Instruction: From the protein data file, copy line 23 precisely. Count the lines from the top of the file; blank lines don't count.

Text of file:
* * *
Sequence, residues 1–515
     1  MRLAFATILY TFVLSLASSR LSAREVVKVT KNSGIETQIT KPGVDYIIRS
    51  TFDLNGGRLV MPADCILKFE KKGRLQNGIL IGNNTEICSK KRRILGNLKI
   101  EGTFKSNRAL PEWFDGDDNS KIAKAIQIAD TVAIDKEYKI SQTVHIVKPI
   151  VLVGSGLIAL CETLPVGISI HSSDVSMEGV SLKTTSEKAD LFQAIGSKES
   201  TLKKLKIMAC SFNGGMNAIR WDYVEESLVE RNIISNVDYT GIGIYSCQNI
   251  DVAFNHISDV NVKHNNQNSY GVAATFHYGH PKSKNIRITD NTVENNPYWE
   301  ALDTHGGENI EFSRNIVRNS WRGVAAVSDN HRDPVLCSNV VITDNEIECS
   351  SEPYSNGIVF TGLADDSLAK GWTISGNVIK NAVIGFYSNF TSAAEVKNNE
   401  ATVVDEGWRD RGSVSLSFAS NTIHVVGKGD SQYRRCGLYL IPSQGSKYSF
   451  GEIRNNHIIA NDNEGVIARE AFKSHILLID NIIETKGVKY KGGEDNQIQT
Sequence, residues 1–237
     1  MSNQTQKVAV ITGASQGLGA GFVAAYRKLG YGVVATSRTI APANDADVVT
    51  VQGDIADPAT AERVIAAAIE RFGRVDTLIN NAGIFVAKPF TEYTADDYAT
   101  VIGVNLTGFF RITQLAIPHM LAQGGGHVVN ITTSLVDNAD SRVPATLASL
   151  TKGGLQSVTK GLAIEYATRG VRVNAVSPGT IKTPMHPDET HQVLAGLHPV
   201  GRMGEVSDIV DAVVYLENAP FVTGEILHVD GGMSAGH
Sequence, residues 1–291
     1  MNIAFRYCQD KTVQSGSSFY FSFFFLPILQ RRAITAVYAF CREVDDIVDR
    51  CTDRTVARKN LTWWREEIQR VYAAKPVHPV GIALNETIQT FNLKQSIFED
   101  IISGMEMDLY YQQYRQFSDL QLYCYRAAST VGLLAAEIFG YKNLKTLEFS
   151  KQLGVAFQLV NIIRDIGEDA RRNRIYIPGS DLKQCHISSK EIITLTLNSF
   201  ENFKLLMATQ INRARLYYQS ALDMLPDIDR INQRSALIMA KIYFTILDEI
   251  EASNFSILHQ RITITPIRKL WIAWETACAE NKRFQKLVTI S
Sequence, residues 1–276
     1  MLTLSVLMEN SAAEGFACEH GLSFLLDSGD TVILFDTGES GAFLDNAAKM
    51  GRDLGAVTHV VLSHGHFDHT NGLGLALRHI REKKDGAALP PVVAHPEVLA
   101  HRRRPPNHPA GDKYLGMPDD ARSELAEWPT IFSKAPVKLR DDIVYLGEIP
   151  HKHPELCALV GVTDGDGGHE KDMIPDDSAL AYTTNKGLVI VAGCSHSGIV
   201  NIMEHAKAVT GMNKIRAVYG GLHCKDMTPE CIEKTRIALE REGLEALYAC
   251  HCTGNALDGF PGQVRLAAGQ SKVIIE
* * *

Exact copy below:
   201  ENFKLLMATQ INRARLYYQS ALDMLPDIDR INQRSALIMA KIYFTILDEI